Jesus asks us to love our enemies, to do good to those who harm us, and to do unto others as we would have them do unto us. What does this mean for U.S. policy in Afghanistan?
It means we should imagine what it would be like to be an Afghan civilian, with legitimate grievances about the corruption of the current Afghan government, along with a continuing sense of repression and humiliation by both external forces and the Taliban. What if a foreign government dropped bombs on our towns in its effort to kill terrorists among us? How would we want to be treated if Afghanistan were our own country?
The Taliban are rightly condemned for their intolerance to pluralism, as well as for their discrimination and violence against women and others who don’t follow their interpretation of Islam. To love our enemies means that it is also right to imagine ourselves in the shoes of even the Taliban—or, at least, in the environment where they took root: the cold and windy refugee camps where, over decades, poor, landless children of a nation ravaged by imperial powers grew up angry, defiant, humiliated, and ready to fight for revenge.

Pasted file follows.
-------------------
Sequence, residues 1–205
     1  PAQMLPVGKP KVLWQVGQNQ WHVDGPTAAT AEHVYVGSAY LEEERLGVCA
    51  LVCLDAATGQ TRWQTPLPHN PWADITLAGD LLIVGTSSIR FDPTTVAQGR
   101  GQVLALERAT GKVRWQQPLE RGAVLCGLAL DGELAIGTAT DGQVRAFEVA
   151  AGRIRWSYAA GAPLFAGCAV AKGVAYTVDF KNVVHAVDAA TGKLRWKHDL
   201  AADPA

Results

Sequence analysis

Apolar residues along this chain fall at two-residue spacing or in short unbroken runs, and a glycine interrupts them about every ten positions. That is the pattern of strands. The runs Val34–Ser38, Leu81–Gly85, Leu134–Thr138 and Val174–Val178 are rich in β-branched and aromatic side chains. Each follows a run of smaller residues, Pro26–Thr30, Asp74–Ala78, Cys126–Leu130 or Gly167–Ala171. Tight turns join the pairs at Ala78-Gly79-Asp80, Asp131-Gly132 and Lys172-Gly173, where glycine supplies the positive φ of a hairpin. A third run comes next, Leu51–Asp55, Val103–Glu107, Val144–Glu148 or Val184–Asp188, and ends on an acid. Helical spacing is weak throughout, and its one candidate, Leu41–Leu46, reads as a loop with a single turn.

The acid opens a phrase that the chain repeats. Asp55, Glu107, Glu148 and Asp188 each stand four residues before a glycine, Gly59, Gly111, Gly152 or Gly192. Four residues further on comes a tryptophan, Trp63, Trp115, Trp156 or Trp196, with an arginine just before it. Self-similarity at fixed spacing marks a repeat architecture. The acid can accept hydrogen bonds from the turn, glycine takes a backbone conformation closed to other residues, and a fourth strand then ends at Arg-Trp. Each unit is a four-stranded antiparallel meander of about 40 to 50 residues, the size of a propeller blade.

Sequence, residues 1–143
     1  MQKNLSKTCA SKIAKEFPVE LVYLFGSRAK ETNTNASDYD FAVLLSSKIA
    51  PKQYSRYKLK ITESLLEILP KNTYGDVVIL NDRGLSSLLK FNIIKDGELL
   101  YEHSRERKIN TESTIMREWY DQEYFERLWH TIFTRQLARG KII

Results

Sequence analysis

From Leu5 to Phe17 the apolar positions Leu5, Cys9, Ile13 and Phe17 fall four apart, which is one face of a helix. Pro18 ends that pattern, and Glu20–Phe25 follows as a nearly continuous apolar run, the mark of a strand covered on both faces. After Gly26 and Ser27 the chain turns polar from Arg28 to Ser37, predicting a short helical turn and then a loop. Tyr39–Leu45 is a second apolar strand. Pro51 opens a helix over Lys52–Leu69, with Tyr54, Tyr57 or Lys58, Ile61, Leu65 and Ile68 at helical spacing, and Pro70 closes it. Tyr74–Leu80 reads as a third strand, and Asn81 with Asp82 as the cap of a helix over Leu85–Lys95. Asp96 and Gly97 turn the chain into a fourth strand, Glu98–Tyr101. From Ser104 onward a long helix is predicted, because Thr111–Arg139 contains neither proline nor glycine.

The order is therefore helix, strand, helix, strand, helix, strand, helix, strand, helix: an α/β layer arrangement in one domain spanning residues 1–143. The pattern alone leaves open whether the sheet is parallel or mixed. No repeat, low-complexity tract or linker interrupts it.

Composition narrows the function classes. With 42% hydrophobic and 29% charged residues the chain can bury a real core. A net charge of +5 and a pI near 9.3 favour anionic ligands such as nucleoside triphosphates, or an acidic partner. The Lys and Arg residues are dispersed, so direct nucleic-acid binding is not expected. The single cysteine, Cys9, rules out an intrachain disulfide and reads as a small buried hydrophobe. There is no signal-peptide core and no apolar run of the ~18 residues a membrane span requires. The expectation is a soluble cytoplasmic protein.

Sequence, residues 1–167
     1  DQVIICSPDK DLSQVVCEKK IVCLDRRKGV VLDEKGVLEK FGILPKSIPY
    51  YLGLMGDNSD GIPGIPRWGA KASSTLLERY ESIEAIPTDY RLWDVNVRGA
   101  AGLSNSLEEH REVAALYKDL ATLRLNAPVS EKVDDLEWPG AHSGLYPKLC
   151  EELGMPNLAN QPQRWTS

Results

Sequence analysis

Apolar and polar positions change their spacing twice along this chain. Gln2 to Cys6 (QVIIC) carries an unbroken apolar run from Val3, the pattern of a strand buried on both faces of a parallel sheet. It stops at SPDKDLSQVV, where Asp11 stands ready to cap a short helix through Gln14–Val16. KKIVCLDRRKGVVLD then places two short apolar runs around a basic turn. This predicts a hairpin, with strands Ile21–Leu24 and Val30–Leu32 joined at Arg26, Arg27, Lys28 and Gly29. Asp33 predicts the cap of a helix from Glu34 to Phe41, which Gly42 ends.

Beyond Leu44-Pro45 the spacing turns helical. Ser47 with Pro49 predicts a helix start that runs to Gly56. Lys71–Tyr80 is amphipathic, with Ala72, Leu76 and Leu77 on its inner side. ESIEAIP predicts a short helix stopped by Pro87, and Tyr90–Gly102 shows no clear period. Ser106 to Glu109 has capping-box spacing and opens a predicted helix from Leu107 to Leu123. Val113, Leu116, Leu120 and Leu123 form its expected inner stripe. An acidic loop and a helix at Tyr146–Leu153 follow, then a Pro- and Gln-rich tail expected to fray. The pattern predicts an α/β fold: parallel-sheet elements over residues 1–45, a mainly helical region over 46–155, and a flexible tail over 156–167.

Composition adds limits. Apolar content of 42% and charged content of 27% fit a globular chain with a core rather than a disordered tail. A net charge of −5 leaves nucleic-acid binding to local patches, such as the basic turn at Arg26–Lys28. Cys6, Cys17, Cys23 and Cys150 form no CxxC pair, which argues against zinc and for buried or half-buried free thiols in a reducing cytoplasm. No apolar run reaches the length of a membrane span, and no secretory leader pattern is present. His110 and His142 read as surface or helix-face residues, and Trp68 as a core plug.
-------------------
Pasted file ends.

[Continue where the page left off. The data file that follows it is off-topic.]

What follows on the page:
Jesus also tells us to pay more attention to the log in our eye rather than the speck of dust in our neighbor’s. There is no doubt Afghanistan is full of dust. But what are the logs in our own eyes? Elements of U.S. policy in Afghanistan simply don’t make sense.
First, there is widespread evidence that the presence of U.S. troops and bomb-dropping drone aircraft ends up fueling the insurgency and helping the Taliban and al Qaeda recruit new members. We need to question the strategic, as well as the moral, rationale for the U.S.’s militaristic approach.